By the early Twentieth Century, New York City was indeed America’s most populous and rapidly growing city. It was not long before undeveloped land became scarce and the cycle of demolition and renewal began to transform New York from an early industrial city to the metropolitan “Gotham” of the present time. Local preservation efforts justifiably had an early start. The effort to save St. John’s Church in lower Manhattan from imminent demolition during the first decade of the 1900s demonstrated that ample support for historic preservation existed in order to achieve a variety of individual agendas. Rarely was the impetus for the earliest preservation efforts simply a knee-jerk reaction to the changing times. Especially in the case of St. John’s, the preservation campaign surrounding the church received broad support from both individual New York citizens, such as the collector and progressive reformer I.N. Phelps Stokes, to government officials that included President Roosevelt, Secretary of State Root and George B. McClellan, the New York Mayor at that time. Other advocates for the preservation of St. John’s included the Reform and Tammany mayors, architects Charles Follen McKim and George Post, Metropolitan Museum of Art president Robert W. De Forest, and J.P. Morgan.[1] There were several other instances in which this kind of ardent public support for preservation had been sufficient in ensuring the survival of many of New York’s beloved historical buildings to despite more lucrative development proposals. The losses that occurred in the twentieth century, for the most part, did not result from an apathetic citizenry, or a lack of political leverage, but rather from the absence of binding regulations to prevent demolition by private landowners.

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St. John’s was a notable failure in the early history of the preservation movement in New York City. The ultimate demolition of St. John’s Parish Church typified the shortcomings of early advocacy-based preservation efforts of concerned New Yorkers. Had the New York City Landmarks Law been in effect in 1908 when the impassioned advocacy effort surrounding St. John’s Church occurred, would the church have been saved? This paper will first discuss the protections offered by the New York Landmarks Law, which Tony Wood has called “the best landmarks law in the country.”[2] Whether this statement is true or not, will not be the focus of this paper. For the purposes of this investigation, the assumption will be that the landmarks law is as good as it can be, but that it is insufficient when not accompanied by public and political support for the landmark designation process. I will argue that a favorable social and political context, in addition to legal mechanisms for listing and saving buildings, is a crucial part of the landmarks designation process. As will be demonstrated, the benefits of legal protection for historic landmarks can not be initially secured, or later upheld by the courts, if there is not adequate public and political support for historic preservation.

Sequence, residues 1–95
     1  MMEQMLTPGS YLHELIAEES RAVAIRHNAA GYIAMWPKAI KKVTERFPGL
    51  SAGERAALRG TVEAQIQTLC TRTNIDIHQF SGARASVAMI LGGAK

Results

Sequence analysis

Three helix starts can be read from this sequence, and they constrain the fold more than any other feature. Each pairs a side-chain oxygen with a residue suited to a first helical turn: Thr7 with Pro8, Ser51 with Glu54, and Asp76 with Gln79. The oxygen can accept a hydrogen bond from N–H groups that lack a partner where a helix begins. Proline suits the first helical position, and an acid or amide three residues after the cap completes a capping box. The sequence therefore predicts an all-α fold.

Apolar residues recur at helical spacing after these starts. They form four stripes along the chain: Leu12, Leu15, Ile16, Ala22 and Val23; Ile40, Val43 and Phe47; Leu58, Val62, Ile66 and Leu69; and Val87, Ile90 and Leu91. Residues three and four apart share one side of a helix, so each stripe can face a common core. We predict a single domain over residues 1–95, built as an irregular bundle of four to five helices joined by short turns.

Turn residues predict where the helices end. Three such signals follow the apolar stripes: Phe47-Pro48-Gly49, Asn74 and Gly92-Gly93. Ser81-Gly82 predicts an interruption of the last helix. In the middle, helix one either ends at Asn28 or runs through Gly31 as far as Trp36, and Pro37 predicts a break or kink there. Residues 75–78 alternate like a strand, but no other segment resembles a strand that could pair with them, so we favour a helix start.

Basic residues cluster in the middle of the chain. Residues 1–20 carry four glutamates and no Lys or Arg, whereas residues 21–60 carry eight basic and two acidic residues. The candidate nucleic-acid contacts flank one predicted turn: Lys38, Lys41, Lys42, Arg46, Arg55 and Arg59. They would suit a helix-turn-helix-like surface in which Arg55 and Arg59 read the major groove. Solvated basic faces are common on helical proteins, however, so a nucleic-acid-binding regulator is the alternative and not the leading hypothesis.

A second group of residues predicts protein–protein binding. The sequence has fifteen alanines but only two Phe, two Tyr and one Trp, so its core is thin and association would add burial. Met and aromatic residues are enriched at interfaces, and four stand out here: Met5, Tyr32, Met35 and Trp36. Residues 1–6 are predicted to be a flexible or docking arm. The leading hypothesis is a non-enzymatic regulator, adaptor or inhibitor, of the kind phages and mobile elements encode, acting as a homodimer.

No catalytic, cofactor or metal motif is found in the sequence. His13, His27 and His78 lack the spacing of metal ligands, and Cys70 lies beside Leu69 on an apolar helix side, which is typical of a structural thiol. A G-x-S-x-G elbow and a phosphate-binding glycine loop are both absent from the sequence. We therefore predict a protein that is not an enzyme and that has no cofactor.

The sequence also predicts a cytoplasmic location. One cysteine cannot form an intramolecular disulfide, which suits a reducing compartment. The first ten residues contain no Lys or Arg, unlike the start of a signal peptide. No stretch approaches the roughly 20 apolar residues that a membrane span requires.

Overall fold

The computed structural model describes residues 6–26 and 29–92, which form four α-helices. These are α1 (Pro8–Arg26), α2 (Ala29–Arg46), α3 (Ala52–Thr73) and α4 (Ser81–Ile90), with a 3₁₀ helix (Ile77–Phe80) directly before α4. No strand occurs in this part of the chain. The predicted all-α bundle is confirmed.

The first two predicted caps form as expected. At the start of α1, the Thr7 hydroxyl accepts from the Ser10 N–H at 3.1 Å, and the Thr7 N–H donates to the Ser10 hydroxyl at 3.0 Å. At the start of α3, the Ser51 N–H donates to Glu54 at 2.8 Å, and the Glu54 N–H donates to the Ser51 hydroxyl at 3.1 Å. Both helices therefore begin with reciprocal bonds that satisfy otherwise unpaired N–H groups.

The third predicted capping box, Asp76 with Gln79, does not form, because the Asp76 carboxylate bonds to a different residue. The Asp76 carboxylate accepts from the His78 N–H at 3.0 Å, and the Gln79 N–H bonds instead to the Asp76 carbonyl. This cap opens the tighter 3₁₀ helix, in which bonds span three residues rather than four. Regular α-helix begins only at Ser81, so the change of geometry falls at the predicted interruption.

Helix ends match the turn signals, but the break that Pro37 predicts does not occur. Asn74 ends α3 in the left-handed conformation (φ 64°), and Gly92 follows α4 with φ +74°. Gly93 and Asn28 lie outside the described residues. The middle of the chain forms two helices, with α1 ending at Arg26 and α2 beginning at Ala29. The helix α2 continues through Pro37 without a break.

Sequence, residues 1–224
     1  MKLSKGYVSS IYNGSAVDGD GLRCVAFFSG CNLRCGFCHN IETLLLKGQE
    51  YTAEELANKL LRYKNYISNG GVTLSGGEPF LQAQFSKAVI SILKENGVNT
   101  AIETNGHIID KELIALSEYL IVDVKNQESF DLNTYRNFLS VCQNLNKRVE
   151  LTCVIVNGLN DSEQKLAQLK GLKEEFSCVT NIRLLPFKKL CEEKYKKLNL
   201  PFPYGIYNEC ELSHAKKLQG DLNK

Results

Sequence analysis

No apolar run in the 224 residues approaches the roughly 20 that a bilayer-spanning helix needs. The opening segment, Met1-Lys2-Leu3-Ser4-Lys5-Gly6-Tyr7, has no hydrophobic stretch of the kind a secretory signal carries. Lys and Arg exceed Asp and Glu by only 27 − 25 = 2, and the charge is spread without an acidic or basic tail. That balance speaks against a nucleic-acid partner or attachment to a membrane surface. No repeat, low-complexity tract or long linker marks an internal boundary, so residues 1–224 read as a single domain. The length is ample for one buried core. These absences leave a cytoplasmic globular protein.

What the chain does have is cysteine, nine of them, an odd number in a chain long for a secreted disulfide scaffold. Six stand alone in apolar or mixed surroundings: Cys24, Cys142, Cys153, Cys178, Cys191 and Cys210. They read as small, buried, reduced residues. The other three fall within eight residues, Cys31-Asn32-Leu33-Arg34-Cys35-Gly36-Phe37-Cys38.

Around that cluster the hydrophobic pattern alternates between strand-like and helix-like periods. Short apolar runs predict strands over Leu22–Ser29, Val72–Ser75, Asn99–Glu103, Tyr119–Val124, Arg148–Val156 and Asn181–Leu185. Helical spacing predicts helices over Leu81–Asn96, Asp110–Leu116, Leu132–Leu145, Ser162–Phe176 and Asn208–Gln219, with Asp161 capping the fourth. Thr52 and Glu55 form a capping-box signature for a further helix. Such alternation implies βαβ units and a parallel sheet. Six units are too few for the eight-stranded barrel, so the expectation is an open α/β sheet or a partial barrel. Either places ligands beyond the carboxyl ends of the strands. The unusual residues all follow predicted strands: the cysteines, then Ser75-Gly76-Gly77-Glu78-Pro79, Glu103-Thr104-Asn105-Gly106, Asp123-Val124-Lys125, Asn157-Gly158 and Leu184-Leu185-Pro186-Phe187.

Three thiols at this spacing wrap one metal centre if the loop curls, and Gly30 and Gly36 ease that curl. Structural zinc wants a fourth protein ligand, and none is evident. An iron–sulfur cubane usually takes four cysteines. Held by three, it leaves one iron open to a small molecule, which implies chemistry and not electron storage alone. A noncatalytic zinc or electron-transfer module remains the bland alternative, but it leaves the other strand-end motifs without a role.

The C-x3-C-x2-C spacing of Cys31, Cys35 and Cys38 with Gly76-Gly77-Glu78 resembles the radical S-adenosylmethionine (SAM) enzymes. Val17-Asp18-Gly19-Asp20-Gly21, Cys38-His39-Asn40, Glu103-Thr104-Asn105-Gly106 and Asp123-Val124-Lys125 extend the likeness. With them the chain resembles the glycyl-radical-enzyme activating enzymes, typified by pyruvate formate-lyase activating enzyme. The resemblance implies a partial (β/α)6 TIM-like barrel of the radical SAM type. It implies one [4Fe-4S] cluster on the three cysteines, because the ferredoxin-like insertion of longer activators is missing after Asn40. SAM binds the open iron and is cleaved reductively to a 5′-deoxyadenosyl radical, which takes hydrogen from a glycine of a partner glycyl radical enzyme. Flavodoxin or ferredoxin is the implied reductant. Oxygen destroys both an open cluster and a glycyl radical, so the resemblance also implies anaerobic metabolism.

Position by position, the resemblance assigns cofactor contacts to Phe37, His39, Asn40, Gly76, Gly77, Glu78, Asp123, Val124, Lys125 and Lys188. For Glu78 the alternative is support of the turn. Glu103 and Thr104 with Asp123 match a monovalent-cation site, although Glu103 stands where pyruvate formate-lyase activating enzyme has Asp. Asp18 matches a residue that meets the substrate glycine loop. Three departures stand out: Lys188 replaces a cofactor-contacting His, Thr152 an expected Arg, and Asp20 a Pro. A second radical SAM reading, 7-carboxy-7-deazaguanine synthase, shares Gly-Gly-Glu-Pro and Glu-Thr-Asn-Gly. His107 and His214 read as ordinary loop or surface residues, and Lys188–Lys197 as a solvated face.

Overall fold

The arguments in this paper were inspired by Wood’s mini-epiphany during a Preservation Vision speech during the most recent National Trust Conference in 2008 that: “Preservation happens both in space, that is in particular places AND it also happens in a particular moment in time. What a shocker that the act of preserving history actually happens in a historical context of its own and is shaped by the events of that time.”[3] From observing the historical moment in which the campaign to save St. John’s was underway, and the protections offered by the later Landmarks Law and establishment of the Landmarks Preservation Commission, this paper will additionally attempt to answer the question posed by Wood, (which was referred to earlier): “Despite having the best landmarks law in the country, why do we keep losing buildings and historic neighborhoods that we would rather have saved?”[4] Perhaps reflecting on the Landmarks Law and how it could have been successfully used in a previous era, will help illuminate why this is the case.

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With the passage of the New York Landmarks Law in 1965, finally there was a political mechanism in place to determine which of New York’s historic buildings merited binding legal protection from demolition. As Title 25, Chapter 3 of the New York Administrative Code Section § 25–301 stated, the purpose of the law was as follows:

The council finds that many improvements, as herein defined . . . have a special character or a special historical or aesthetic interest or value and many improvements representing the finest architectural products of distinct periods in the history of the city, have been uprooted, notwithstanding the feasibility of preserving and continuing the use of such improvements and landscape features, and without adequate consideration of the irreplaceable loss to the people of the city of the aesthetic, cultural and historic values represented by such improvements . . . .  It is the sense of the council that the standing of this city as a world wide tourist center and world capital of business, culture and government cannot be maintained or enhanced by disregarding the historical and architectural heritage of the city and by countenancing the destruction of such cultural assets.[5]